Monday, 10 October 2016

Pound unable to recover losses after Friday's 'Flash Crash'

Good morning. As I'm sure most of my readers have noticed by now, Sterling took a hammering at the end of last week and on a trade weighted basis is now the lowest it's been since 2009. A 'Flash Crash' wiped about 10% off the value of the Pound in a few minutes, the biggest fall since the EU referendum, and has been put down to an error in a trading algorithm. I'm not sure about that, as if that were the case you would have expected the Pound to recover those losses during Friday as investors realised it was a trading error. My view is that someone somewhere made a huge amount of money on Friday.

Initially it looked like a recovery was on the cards, but the Sterling sell off continued, and at the time of writing GBP/EUR is now at €1.11, and GBP/USD at $1.24. Wow. Below shows the sharp fall in GBP/EUR rates over the last month (click here for live charts):


The reason Sterling has been unable to recover it's losses is the fact that the markets have now realised that the UK is really going to be leaving the EU, and leaving earlier than most had thought, and in a more drastic fashion than most analysts had thought was going to be the case. It's looking more and more likely we are giving up free access to the single market in order that we can gain full control over our laws and borders.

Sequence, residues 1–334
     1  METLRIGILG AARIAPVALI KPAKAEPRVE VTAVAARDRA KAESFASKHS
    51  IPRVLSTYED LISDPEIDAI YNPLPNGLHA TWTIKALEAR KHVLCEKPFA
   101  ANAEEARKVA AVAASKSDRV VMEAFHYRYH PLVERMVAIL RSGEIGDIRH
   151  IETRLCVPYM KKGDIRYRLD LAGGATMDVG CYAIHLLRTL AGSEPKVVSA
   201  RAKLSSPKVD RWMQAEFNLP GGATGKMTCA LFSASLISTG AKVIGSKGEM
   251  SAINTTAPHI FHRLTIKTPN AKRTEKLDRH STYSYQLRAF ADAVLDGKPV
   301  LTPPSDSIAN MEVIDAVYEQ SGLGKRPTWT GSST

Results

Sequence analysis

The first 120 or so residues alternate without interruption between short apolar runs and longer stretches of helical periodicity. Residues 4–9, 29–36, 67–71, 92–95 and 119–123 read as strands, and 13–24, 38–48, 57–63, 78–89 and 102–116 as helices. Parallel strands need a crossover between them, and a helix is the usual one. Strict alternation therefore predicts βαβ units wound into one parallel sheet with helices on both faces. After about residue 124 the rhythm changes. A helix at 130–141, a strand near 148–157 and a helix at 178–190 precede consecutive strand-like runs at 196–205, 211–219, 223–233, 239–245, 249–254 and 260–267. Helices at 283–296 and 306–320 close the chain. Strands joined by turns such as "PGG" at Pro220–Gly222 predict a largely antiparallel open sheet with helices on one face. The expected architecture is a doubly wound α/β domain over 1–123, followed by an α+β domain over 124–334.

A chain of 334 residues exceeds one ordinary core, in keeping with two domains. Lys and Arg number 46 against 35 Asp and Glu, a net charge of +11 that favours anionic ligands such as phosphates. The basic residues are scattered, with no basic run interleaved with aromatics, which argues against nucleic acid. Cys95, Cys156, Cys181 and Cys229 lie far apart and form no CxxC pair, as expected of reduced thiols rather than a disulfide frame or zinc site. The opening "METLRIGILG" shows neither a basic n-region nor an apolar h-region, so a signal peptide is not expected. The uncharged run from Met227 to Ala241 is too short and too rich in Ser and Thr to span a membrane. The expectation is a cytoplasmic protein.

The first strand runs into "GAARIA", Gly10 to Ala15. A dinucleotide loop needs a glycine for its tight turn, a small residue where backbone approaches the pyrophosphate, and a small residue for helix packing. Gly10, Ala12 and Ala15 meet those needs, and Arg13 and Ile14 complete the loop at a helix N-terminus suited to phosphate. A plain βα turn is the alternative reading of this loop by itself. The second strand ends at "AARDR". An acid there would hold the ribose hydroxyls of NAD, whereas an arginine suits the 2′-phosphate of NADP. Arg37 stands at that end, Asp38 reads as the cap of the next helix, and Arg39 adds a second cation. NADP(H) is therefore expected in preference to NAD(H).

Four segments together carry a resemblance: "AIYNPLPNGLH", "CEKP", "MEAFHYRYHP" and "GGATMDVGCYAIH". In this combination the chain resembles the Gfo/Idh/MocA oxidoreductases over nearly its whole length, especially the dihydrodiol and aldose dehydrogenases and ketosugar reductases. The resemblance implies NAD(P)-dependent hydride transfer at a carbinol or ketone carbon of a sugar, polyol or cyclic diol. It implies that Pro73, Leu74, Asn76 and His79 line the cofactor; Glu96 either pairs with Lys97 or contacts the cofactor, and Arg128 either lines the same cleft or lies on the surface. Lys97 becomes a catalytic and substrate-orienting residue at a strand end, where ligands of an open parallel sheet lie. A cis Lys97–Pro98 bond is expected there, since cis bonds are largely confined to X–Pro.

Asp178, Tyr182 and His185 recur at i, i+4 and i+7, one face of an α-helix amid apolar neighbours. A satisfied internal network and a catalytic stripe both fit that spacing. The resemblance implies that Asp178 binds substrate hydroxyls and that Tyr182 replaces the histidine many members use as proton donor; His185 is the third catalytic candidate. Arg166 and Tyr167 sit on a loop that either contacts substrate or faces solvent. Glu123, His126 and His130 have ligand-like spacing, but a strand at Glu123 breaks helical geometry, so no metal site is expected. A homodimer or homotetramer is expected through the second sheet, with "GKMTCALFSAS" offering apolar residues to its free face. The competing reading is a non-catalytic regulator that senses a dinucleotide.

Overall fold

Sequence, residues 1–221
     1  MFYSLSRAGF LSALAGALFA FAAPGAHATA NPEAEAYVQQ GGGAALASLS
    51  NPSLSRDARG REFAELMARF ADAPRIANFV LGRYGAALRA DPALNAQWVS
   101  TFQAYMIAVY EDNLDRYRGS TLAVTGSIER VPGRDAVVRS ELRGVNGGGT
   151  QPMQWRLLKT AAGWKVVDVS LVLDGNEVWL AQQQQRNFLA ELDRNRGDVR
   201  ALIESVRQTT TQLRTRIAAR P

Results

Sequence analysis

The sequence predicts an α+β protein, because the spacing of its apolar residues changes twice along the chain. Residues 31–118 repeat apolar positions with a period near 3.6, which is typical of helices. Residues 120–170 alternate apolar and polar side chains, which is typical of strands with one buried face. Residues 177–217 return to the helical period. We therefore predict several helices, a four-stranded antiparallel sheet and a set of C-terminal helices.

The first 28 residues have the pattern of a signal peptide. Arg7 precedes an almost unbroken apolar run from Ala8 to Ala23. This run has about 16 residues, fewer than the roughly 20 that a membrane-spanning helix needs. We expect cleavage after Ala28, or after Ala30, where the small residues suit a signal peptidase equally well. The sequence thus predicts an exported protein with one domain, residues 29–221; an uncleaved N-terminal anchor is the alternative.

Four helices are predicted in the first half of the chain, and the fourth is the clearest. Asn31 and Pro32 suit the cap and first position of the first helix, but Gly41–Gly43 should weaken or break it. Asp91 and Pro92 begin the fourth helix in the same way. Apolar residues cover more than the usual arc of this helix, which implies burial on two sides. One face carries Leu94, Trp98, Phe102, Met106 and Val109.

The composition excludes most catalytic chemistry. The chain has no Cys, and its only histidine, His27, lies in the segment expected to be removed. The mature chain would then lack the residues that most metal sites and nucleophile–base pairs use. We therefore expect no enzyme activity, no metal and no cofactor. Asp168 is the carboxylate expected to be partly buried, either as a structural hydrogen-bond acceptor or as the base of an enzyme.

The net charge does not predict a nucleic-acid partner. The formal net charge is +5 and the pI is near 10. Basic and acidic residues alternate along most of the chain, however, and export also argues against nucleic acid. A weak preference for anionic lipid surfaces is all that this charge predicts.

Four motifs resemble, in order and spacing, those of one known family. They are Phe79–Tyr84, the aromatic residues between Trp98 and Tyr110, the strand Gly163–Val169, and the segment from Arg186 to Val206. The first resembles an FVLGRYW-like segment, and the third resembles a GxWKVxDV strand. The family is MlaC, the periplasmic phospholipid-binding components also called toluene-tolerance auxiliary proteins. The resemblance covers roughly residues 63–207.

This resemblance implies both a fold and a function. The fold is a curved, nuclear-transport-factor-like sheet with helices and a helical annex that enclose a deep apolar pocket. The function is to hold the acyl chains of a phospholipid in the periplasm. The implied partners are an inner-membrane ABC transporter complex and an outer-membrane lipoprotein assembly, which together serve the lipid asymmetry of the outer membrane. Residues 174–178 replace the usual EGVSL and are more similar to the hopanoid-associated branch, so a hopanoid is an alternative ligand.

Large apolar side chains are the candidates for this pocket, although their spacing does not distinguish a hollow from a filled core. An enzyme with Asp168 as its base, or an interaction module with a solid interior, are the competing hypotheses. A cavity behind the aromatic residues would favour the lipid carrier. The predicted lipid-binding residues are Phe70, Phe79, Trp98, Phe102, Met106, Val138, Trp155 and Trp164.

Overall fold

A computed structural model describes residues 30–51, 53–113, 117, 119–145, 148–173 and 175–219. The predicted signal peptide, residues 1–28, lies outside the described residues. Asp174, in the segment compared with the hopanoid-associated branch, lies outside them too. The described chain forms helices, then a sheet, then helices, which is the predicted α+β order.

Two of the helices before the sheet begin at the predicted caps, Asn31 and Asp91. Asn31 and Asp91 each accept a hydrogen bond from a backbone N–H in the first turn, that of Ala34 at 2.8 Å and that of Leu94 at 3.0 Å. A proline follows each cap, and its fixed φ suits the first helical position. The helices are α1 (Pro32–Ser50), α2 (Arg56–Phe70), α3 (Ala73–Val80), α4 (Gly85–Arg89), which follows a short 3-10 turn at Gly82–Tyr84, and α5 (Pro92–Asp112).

Will the Pound recover and go back up?


I think it's unlikely. No sane investor is going to be backing the Pound while uncertainty over the UK economic outlook remains, and that uncertainty is likely to remain well in to next year. I've been saying for some time that it's likely the Pound has further to fall, and the decline could well continue. At some point the Pound will bounce back, however I think that's likely until the market has a clearer idea of what the UK economy is going to look like once we've left the EU.

In my last post on Thursday which you can read here, I outlined what you can do and some options you can consider if you are converting Pounds to another currency, or repatriate a foreign currency back to Sterling. This analysis stands as a good outline of what options you have to ensure you don't get caught out by adverse rate movements.

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